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Why Does My Dog Sleep With Me? 5 Usual Reasons

Written by: Dogster Team

Last Updated on March 4, 2024 by Dogster Team

dog owner in bed with two cute dogs all sleeping

Why Does My Dog Sleep With Me? 5 Usual Reasons

Any dog owner can appreciate a good round of snuggling with their furry best friend unless their pet’s preferred spot is the bed. Between them being a lead weight on the covers and leaving smelly hair and dander behind, you have enough good reasons to keep your dog off your mattress.

Besides, with all the comfy pet beds, couches, and carpets you have around the house, why would they want to sleep there anyway? Getting to the root of the issue is the first step in reclaiming your sleeping spot. Discover the top five reasons your dog sleeps with you so you can start figuring out a more comfortable nighttime routine.

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The 5 Reasons Why Your Dog Sleeps With You

1. They Love and Depend on You

The primary reason dogs want to sleep with you is because they are dependent on you. As social animals, dogs need a feeling of belonging with their affiliates, and thanks to domestication, they’re friendlier and more drawn to people than other dogs.

The dog-owner relationship mirrors that of an infant and mother, with dogs showing a similar need for security and certainty from their handler. Cuddling up in bed is just one of the many ways they reinforce this dynamic, using it as a chance to bond and feel safe. People are their caregivers and best friends, and dogs want every opportunity to receive comfort, affection, and reassurance.

Young man sleeping with a dog
Image Credit: asia.marangio, Shutterstock

2. You Reinforce the Behavior

The excitement of getting a dog, especially a new puppy, can lead to rash and irresponsible decisions. They’re too cute trying to get up on the couch, chair, and bed to snuggle with you, so how can you resist giving them a helping hand?

Those minor actions can seem insignificant at the time, but it won’t take long for them to create deep-rooted habits in a mature dog. If your dog is sleeping with you, it’s because you allowed it to happen by not establishing boundaries from the outset. Now, your dog expects a choice of where they sleep and will likely show considerable irritation if you try to set new limits.

3. One of You Is Ill

If your dog sporadically becomes extra-cuddly at night, they may be reacting to something rather than taking up a new habit. Your dog might suddenly start sleeping with you when they sense you are ill or if they are feeling under the weather.

One of you is in need, and your dog takes it upon themselves to seek or provide comfort and safety by climbing into bed with you.

woman and dog sleeping together
Image Credit: Albina Gavrilovic

4. They’re Showing a Protective Instinct

Today’s dogs are a far cry from their wolf ancestors thanks to thousands of years of domestication, but their animal instincts will never disappear completely.

Like their wild relatives, dogs prefer sleeping with their family, enjoying the warmth and protection of the group. Sleeping with you is one way they can keep you safe while ensuring their security.

5. Your Bed Is More Comfortable

No matter how much you love your pet, it’s unlikely that an owner doesn’t have the most comfortable bed in the house. When you spend several hundred dollars on your mattress and only a fraction of that on your dog’s, it’s easy to see why they’ll go for your bed. It’s warmer, softer, and spacious enough to let your dog stretch out fully, and they may be hard to remove until their pet bed gets a serious comfort upgrade.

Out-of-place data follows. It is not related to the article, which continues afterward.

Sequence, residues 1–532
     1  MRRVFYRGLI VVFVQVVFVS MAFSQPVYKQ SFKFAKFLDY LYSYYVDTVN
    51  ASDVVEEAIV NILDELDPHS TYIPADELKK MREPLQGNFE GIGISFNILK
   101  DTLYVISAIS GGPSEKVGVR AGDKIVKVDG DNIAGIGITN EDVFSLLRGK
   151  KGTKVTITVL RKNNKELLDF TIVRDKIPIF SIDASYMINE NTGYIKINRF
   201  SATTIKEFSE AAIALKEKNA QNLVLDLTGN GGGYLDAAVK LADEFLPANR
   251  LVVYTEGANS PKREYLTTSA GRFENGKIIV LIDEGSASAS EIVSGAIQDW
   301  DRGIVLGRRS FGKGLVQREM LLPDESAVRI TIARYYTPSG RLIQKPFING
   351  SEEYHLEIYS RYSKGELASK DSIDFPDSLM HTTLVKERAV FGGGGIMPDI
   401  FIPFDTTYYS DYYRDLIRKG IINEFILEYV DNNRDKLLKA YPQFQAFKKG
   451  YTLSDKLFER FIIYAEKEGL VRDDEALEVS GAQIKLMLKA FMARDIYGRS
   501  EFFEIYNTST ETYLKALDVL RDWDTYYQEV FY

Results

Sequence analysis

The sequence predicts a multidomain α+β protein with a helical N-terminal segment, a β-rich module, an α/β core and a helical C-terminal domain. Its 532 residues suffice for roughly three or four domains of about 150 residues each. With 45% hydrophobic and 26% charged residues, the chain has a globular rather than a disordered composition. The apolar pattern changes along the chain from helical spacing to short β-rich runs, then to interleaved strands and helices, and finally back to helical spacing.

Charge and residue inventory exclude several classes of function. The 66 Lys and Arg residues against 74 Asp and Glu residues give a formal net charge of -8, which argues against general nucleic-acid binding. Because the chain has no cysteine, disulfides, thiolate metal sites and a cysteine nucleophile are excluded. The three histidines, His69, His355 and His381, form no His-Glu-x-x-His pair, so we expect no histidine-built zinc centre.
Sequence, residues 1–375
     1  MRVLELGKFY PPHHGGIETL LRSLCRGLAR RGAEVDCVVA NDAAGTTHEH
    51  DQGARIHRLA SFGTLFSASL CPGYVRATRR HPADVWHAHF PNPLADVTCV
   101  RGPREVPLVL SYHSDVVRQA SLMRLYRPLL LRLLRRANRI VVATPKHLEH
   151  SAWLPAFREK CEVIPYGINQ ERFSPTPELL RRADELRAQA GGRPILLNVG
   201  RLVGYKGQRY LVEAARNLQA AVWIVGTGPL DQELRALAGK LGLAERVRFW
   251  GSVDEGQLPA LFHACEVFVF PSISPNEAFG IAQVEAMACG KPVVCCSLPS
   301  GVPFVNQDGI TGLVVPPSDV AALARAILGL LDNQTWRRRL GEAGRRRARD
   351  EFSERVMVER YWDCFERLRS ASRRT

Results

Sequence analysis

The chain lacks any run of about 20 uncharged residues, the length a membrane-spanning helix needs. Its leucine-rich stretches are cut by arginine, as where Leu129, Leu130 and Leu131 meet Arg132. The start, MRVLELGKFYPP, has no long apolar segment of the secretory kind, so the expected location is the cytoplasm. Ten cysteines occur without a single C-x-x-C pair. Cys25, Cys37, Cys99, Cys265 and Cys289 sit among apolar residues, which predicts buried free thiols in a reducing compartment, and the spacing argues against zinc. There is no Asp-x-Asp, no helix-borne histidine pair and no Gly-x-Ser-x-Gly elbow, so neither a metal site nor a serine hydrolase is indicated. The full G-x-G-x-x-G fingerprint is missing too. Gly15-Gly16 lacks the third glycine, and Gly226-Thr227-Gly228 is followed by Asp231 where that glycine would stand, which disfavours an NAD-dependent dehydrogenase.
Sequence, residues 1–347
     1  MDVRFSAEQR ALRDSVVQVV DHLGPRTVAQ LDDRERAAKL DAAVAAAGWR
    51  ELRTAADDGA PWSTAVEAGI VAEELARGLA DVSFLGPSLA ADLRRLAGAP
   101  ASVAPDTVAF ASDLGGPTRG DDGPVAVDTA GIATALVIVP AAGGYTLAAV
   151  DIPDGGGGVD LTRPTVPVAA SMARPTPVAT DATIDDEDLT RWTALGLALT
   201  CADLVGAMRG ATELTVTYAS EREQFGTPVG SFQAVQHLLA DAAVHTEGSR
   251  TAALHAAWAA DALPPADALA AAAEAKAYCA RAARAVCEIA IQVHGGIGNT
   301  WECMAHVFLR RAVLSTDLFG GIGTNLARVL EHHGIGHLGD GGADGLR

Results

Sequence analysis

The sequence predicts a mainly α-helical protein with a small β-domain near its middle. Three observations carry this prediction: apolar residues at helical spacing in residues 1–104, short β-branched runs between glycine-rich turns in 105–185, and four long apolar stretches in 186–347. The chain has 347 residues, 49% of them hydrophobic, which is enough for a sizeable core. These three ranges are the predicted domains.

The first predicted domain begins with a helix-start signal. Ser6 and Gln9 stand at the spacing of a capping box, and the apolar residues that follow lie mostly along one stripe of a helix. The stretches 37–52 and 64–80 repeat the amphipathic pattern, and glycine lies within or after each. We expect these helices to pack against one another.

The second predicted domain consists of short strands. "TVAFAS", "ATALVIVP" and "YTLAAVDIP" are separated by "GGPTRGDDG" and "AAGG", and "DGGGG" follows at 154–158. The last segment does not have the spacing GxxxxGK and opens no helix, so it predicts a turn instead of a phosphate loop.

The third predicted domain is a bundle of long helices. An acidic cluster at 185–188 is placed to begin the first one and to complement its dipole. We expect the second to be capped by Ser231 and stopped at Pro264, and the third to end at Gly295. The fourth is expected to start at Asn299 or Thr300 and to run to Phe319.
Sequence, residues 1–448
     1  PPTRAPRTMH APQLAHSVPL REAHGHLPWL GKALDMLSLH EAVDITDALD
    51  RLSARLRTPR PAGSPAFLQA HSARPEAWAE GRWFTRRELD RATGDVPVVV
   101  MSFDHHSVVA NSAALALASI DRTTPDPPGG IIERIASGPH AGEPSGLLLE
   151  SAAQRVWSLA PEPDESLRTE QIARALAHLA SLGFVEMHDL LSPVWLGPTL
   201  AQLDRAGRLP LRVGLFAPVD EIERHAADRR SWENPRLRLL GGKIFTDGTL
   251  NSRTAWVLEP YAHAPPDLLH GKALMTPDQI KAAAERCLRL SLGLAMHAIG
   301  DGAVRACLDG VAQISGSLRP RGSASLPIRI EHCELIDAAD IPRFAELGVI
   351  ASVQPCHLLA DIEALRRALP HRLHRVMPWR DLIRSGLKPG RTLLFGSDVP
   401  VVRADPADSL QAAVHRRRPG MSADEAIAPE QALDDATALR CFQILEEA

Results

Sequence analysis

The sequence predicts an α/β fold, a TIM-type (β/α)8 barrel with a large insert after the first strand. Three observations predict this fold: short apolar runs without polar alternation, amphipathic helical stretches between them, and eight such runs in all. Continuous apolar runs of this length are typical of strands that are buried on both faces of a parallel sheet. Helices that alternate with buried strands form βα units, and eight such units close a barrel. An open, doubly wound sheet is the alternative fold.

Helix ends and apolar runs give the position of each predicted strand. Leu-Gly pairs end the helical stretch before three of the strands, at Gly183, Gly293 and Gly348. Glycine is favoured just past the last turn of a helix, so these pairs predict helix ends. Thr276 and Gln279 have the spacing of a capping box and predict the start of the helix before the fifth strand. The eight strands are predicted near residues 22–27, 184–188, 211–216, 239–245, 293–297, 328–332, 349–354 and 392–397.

Man sleeping with jack russell terrier dog in his hands
Image Credit: evrymmnt, Shutterstock

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Should I Let My Dog Sleep with Me?

Although sleeping with your dog can be comforting, drawing a line may be the more responsible decision. Adding another body to the bed, especially a dog, creates several hygiene concerns, as pet hair, dander, and bodily oils make their way into the bedding and the mattress.

Odors, allergens, and associated illnesses may become problematic, leading to a more frequent cleaning schedule. Beyond the cleanliness factor, having a dog in the bed can hurt your sleep quality. The primary issue is that a dog’s sleep cycle doesn’t align with a human’s.

While the owner sleeps continuously, their dog averages 20 nightly sleep cycles involving waking periods roughly three times hourly. Between their frequent waking and constant alertness, dogs can easily disturb their owner’s sleep. Suffering from less efficient slumber, you’ll likely feel more tired and less productive during your waking hours.

Letting your dog sleep with you may not be beneficial for them either. Fostering independence is crucial in preventing separation anxiety and attachment issues. Although sleeping together won’t guarantee they’ll develop stress problems later in life, crate training and sleeping in separate rooms is one of several ways to help your dog gain confidence to spend time alone.

senior golden retriever dog sleeping
Image Credit: Yobab, Shutterstock

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A dog’s desire to sleep with their owner, protector, and closest family member is easy to understand. The challenge comes in discouraging the behavior. While plenty of individuals find comfort in co-sleeping, others sacrifice a healthy nighttime routine to accommodate their pets.

As much as we want to always be there for our dogs, there are millions of ways to show your love. Give your dog all the affection during the day, and you shouldn’t lose any sleep over having your dog take up a separate bed.

Featured Image Credit: Javier Brosch, Shutterstock

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